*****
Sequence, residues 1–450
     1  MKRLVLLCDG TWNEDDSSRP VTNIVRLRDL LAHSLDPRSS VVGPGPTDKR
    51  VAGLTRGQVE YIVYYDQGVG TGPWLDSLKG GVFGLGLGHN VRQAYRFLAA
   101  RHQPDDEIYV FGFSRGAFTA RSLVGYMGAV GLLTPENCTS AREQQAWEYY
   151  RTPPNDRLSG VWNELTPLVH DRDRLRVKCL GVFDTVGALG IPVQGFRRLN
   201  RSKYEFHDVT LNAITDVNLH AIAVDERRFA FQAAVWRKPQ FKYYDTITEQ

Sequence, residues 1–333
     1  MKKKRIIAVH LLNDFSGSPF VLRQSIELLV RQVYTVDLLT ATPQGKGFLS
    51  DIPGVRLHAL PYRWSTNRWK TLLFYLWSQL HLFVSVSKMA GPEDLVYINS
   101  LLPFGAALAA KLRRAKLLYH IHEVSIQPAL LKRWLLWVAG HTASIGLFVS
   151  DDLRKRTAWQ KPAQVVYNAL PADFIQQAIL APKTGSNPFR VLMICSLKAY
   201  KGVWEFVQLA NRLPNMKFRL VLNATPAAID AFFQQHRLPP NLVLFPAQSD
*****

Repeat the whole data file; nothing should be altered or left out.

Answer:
Sequence, residues 1–450
     1  MKRLVLLCDG TWNEDDSSRP VTNIVRLRDL LAHSLDPRSS VVGPGPTDKR
    51  VAGLTRGQVE YIVYYDQGVG TGPWLDSLKG GVFGLGLGHN VRQAYRFLAA
   101  RHQPDDEIYV FGFSRGAFTA RSLVGYMGAV GLLTPENCTS AREQQAWEYY
   151  RTPPNDRLSG VWNELTPLVH DRDRLRVKCL GVFDTVGALG IPVQGFRRLN
   201  RSKYEFHDVT LNAITDVNLH AIAVDERRFA FQAAVWRKPQ FKYYDTITEQ

Sequence, residues 1–333
     1  MKKKRIIAVH LLNDFSGSPF VLRQSIELLV RQVYTVDLLT ATPQGKGFLS
    51  DIPGVRLHAL PYRWSTNRWK TLLFYLWSQL HLFVSVSKMA GPEDLVYINS
   101  LLPFGAALAA KLRRAKLLYH IHEVSIQPAL LKRWLLWVAG HTASIGLFVS
   151  DDLRKRTAWQ KPAQVVYNAL PADFIQQAIL APKTGSNPFR VLMICSLKAY
   201  KGVWEFVQLA NRLPNMKFRL VLNATPAAID AFFQQHRLPP NLVLFPAQSD